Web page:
The most popular stage to film adaptations of all time

Literature has been through ages one of the most important source of film scripts. A bygone generation would probably remind you that even before the advent of cinema theatre, street plays and musicals were some of the biggest crowd pullers. In fact, in large parts of the world theatre is still a popular source of entertainment and its stage is still the training ground for numerous actors and actresses.

But when the written words are converted into a full length cinema and the reader’s imagination is given a vivid, real life picture, there arises a debate—that is whether the director is made justice to the book or the play. Some would like to believe that the details that are expressed in a book can never be covered by the film, no matter how hard a film maker try. Hence a book will always remain a book and reading it, will always be a much richer experience than watching it being enacted on screen. Though, a few would like to disagree in this regard, film makers have never stepped back from taking a risk. Classics like Harper Lee’s To Kill a Mocking Bird, Truman Capote’s Breakfast at Tiffany’s , Erich Maria Remarque’s All quiet on the Western Front, Ken Kesey’s One flew over the cuckoo’s nest to the modern day fiction like Dawn Brown’s Angels and Demons , Salman Rushdie’s Midnight’s Children to Jhumpa Lahiri’s Namesake have all been made into films. Some of these have also won various international awards including the Oscars. The second debate that arises when a film maker is trying to convert a text into a feature film is on the degree of improvising that can or should be allowed. While bookworms like to see exact word by word similarity between a book and a movie, a film maker will crave for his creative space and greater independence to improvise.

Conversely many movies are now being penned down in the form of books. The number of these reverse conversions of course is much lesser.

Now if we leave aside book and strictly go by the play, the first thing that probably comes to mind is Shakespeare’s plays which have been enacted in several languages across the world and later adapted into movies. But unlike these plays’ literary success, its on-screen adaption have not achieved much success. Here is the list of our top five stage to film adaptations:

My fair lady: One of the longest-running Broadway musical , My Fair Lady, was adapted by Alan Jey Lerner and Federick Loewe from the George Bernard Shaw’s play—Pygmalion. The story concerns, Eliza Doolittle (played by Audrey Hepburn) , a cockney flower girl who takes speech lessons from phonetics expert—professor Hengry Higgins so that she may pass as a lady.

The play received the Tony Award for being ‘the perfect musical’, while the film received eight oscars in 1964 which including the ones for the best picture, best directing, best song and best costume design.

Sound of Music: One of the all time famous musical, The Sound of Music is based on the true story of Trapp family singers. Julia, Andrews (Maria) acts as a young and is send to be the governess for the children of the widowed captain Von Trapp. Initially when Maria arrives in the family, she finds her boss cold and aloof. But over the passage of time, she has a great time with the kids and falls for the captain towards the end of the film.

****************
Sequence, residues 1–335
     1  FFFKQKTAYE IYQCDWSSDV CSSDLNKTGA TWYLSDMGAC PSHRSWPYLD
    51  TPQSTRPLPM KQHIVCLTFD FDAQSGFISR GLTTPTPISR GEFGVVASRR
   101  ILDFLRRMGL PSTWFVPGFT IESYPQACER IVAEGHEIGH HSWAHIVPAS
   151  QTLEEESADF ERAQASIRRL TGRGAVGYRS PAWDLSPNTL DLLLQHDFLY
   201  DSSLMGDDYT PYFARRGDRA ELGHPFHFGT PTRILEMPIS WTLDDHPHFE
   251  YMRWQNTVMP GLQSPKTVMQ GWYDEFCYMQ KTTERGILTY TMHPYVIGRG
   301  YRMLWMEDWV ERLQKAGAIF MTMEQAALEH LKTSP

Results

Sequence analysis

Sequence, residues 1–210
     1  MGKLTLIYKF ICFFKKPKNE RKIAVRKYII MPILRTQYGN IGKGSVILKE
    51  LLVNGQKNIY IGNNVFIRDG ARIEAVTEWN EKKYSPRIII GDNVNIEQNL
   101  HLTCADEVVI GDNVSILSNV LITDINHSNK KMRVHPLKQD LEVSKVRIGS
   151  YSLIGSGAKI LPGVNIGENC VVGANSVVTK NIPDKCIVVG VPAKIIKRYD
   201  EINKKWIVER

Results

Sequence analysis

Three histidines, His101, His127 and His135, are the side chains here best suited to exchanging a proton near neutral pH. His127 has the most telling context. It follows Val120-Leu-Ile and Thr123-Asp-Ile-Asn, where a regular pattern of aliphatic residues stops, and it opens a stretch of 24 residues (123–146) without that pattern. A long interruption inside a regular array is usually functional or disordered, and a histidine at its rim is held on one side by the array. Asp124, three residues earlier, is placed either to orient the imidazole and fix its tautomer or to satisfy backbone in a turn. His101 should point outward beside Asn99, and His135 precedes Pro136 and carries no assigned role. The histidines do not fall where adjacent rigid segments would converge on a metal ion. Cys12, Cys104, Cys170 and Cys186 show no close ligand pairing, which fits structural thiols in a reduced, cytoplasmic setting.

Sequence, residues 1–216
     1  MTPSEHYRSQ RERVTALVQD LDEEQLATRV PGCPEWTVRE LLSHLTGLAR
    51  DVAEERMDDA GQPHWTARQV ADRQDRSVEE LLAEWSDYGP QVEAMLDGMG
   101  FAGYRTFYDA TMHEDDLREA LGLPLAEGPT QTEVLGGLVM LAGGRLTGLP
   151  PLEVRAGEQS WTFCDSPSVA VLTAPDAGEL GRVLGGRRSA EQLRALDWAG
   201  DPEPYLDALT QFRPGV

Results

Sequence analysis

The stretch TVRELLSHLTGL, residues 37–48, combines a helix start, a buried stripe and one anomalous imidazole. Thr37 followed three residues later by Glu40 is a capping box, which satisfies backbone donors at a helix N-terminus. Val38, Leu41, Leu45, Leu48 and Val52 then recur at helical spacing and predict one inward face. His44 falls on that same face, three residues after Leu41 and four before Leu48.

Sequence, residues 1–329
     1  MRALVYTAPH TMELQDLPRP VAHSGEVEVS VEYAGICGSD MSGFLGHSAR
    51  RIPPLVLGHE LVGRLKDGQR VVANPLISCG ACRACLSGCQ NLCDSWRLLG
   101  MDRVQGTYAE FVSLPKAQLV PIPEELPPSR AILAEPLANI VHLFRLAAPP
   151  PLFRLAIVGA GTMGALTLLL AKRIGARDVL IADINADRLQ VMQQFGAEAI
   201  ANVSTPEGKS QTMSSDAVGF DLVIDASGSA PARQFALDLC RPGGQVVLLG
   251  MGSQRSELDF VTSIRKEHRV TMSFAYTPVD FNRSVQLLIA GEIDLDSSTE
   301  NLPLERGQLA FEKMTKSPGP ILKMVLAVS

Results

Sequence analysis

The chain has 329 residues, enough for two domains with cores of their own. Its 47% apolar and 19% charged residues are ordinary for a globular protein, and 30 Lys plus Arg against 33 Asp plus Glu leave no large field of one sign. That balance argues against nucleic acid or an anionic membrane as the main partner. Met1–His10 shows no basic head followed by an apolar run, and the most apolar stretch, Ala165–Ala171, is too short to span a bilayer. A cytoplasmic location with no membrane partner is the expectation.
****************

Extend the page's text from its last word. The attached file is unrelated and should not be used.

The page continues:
This 1965 musical won five academy awards including the best picture and displaced Gone With The Wind as the highest-gross film of all-time. Its accompanying sound track album was nominated for a Grammy Award for Album of the Year.

Fiddler on the roof: This musical is based on a book by Joseph Stein. Fiddler on the Roof held the record for the longest running Broadway musical for almost 10 years until Grease surpassed it. It remains Broadway’s sixteenth longest running show in history. It was nominated for ten Tony awards, winning nine which includes best musical, score, direction and choreography. The film won three academy awards.

Chicago: Chicago is originally a play written by Maurine Dallas Watkins. The book was written on the basis of a murder that Watkins had covered as a reporter for the Chicago Tribue. This in turn inspired a 1975 musical which ran by the same name and then was adapted as an academy award winning movie in 2002.

August Osage County: This 2014 Oscar nominated film is an on-screen adaptation of Tracy Letts’s Pulitzer winning play of the same name. It is directed by John Wells and enacted by a bunch of super stars including Meryl Steep, Julia Roberts, Chris Cooper, Benedict Cumberbatch. The plot of this film is one of a dysfunctional American family in Okhlahoma where a number of family secrets are revealed one after the other to intensify the drama and adult misery.

August Osage county received mixed reviews and was nominated for two Oscars. A few film critics claimed that some of Hollywod’s leading ladies were competing for their roles and overacting at times, instead of being their natural self. But what received unanimous applause was the script of the film.

This entry was posted in London Travel Tips. Bookmark the permalink.

Comments are closed.